[Note to Hebrew-speaking readers (as if you needed encouragement): please add examples, send corrections, emendations, elucidations, opinions, to my risk-loving attempt at explaining this unexplainably wonderful term. ]
The Hebrew term davka (דווקא) is usually an interjection, sometimes an expletive, that implies some kind of contrariness in action, either personal or impersonal:
1. personal - a display of personal power, usually indirect (passive-aggressive). For example:
· if you say tomato, I could דווקא say tomahto, just to be different, to be original, to annoy you, to see whether you're paying attention, to keep you on your toes, to get even for your previous annoying behavior towards me2. impersonal: events that occur contrary to what was expected. For example:
· A two-year-old is famous for her דווקא behavior
· I took an umbrella, so of course it דווקא didn't rainJoel Spolsky wrote in his blog, "No matter how debunked the Whorf theory [of linguistic determinism] is, I'm still convinced that Israelis are more likely to do things דווקא, simply because they have a word for it."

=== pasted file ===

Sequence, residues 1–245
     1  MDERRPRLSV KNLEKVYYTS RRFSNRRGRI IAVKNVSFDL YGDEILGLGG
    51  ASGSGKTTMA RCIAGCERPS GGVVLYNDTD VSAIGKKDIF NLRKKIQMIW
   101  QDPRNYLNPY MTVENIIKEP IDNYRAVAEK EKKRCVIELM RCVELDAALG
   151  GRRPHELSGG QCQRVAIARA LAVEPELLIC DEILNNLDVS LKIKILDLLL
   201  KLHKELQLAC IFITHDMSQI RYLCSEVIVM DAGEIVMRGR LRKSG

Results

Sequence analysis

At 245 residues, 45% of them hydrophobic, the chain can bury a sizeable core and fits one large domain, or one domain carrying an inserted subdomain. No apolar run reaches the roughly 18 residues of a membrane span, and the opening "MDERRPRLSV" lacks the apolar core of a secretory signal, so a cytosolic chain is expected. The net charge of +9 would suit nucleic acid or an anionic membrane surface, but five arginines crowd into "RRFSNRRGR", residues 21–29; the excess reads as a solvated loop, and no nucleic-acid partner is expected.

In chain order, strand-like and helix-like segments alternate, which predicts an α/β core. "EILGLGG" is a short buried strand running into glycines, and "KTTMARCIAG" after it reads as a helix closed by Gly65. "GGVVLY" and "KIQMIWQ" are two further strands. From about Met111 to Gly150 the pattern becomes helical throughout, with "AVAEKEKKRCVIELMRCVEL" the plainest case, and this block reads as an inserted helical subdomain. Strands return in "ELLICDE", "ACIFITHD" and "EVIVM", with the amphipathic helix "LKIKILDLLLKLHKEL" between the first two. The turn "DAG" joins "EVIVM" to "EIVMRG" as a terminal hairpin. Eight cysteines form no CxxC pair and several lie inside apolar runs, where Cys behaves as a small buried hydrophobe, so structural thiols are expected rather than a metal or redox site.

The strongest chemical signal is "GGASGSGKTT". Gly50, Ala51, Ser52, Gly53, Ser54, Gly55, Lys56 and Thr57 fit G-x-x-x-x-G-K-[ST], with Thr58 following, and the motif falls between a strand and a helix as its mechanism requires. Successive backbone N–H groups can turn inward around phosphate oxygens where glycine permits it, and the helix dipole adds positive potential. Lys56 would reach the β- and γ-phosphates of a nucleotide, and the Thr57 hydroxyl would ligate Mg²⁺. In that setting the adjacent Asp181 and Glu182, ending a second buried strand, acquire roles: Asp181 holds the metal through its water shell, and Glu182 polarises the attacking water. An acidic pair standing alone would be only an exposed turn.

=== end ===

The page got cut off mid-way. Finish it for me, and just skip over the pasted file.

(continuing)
· Whenever I leave home early enough to be somewhere on time, there's דווקא a horrendous traffic jam, making me late
My guess is there may be a positive feedback loop involved, so that the word and the behavior encourage each other – a chicken-and-egg situation. The term wouldn't have come into common usage without the behavior it describes, and without said behavior being encouraged/needed/observed by the culture. And once they know such a pithy term, people somehow like to use it. But the term also applies to circumstances outside any individual's control, so it could be applied to other languages/cultures.
For a more thorough treatment of cultural differences between Americans and Israelis, read Border Crossings: American Interactions with Israelis by Lucy Shahar and David Kurz.